|Massive mortality of mangrove forests in Southeast Brazil (Baixada Santista, State of Sao Paulo) as a result of harboring activities|
Menghini, R.P.; Coelho, C.; Rovai, A.S.; Cunha-Lignon, M.; Schaeffer-Novelli, Y.; Cintron, G. (2011). Massive mortality of mangrove forests in Southeast Brazil (Baixada Santista, State of Sao Paulo) as a result of harboring activities. J. Coast. Res. SI 64: 1793-1797
In: Journal of Coastal Research. Coastal Education and Research Foundation: Fort Lauderdale. ISSN 0749-0208; e-ISSN 1551-5036, meer
Anthropogenic impact; Natural recovery; Structural characterization
|Auteurs|| || Top |
- Menghini, R.P.
- Coelho, C.
- Rovai, A.S.
- Cunha-Lignon, M.
- Schaeffer-Novelli, Y.
- Cintron, G.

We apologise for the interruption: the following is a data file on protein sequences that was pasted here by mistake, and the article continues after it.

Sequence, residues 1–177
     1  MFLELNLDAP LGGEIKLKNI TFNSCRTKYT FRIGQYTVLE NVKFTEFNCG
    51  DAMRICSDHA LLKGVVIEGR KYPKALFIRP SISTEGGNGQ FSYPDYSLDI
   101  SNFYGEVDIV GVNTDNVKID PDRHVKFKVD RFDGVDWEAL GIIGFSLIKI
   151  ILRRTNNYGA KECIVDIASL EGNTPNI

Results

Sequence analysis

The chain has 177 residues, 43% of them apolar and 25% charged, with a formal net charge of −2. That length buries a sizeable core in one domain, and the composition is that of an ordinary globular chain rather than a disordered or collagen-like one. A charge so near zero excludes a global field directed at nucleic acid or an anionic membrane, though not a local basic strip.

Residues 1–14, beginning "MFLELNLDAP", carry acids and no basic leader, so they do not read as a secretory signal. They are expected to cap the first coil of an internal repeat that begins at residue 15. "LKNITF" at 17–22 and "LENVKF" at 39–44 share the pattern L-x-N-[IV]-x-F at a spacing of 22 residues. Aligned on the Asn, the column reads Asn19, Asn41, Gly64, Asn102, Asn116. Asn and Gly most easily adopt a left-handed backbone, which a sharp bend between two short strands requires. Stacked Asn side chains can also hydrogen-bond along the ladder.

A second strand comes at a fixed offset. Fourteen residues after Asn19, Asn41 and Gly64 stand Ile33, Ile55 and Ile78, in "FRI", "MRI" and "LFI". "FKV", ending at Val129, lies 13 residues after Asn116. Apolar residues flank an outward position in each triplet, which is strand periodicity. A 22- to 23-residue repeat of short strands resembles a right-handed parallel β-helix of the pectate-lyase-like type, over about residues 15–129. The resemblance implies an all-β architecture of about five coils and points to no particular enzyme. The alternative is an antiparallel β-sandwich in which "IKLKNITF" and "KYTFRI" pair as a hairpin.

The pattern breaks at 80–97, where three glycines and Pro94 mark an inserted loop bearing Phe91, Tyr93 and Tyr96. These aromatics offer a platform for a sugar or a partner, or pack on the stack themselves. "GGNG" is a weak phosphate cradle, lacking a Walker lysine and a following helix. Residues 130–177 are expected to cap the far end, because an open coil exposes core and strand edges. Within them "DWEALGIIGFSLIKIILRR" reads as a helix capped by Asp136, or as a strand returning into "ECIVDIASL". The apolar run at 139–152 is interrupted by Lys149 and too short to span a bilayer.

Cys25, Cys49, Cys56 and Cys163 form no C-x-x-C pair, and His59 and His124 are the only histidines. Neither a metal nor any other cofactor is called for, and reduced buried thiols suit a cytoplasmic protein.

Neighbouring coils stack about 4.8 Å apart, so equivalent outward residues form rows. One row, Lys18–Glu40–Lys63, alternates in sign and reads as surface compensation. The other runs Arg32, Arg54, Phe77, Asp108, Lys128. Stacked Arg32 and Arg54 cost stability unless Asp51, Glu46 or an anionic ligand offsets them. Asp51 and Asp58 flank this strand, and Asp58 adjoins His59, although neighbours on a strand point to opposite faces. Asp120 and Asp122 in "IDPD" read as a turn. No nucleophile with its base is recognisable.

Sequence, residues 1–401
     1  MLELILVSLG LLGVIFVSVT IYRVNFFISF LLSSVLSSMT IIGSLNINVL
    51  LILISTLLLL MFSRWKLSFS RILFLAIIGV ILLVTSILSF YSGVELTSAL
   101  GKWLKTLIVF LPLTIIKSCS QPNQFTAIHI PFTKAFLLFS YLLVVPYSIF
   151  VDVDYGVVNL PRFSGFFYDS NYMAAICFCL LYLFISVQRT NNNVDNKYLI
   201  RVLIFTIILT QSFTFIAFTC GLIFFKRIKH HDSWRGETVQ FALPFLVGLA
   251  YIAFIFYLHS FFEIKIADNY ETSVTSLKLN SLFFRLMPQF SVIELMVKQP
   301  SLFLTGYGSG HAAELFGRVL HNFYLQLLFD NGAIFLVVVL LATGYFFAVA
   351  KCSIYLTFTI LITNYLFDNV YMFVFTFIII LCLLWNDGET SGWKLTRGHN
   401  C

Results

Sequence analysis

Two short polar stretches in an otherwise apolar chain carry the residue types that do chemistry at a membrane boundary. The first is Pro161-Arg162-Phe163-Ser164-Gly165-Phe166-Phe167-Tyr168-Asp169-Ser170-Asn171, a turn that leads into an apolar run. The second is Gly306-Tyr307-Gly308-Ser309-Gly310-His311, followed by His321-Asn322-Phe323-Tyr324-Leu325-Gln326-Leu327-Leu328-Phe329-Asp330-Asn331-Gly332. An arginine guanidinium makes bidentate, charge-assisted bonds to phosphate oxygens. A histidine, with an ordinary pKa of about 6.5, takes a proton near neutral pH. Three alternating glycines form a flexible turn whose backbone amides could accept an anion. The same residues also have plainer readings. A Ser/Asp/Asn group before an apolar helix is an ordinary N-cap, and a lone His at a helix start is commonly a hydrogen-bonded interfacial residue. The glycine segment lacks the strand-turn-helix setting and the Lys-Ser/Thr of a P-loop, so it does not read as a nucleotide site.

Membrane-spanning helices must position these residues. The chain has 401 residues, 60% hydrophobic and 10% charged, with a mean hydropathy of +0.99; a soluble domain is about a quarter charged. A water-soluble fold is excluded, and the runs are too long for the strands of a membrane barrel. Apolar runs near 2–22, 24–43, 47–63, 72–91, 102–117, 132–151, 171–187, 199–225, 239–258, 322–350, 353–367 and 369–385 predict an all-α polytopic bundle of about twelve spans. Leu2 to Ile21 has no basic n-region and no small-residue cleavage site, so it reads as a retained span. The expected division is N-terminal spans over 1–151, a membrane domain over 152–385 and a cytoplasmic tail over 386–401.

Since the fifties the Baixada Santista’s landscape has been intensively modified by spreading unplanned and illegal human settlements, mainly by industrial and harboring activities. On 3rd September 1998, a portion of the mangrove forests that surround the Barnabé Island, Santos, State of São Paulo, Brazil (23°55’23’’S; 46°19’28’’W) was affected by a fire due to the accidental spillage of a flammable chemical substance called dicyclopentadiene (DCPD). The goals of the current study were to determine the impacts as well as to assess the initial natural recovery of this mangrove forest. Six permanent plots, were established. Three of them were used to gather data from the adult individuals that survived after spillage (M1, M2 and M3) and the others to investigate the recruitments presents in the natural recovery (RN1, RN2 e RN3) using standardized methodology. Among the adult individuals, Laguncularia racemosa was the dominant species. The densities of dead stems for these quadrants, especially for M1 and M3, were very high reaching 65.39% and 48.97%, respectively. The RN1 and RN2 plots were also dominated by L. racemosa with 100% of the stems alive. RN3 was dominated by Avicennia schaueriana but showed a decrease in the proportion of alive stems (89.09%). The magnitude of the accident is evidenced considering half (M3) or more (M1) out of the total number of stems were found dead. Yet simple and inexpensive, the methodology applied in the current study showed to be an effective tool to evaluate impacts over mangrove stands. Finally, we recommend that Baixada Santista’s integrated coastal management process must incorporate long-term mangrove monitoring.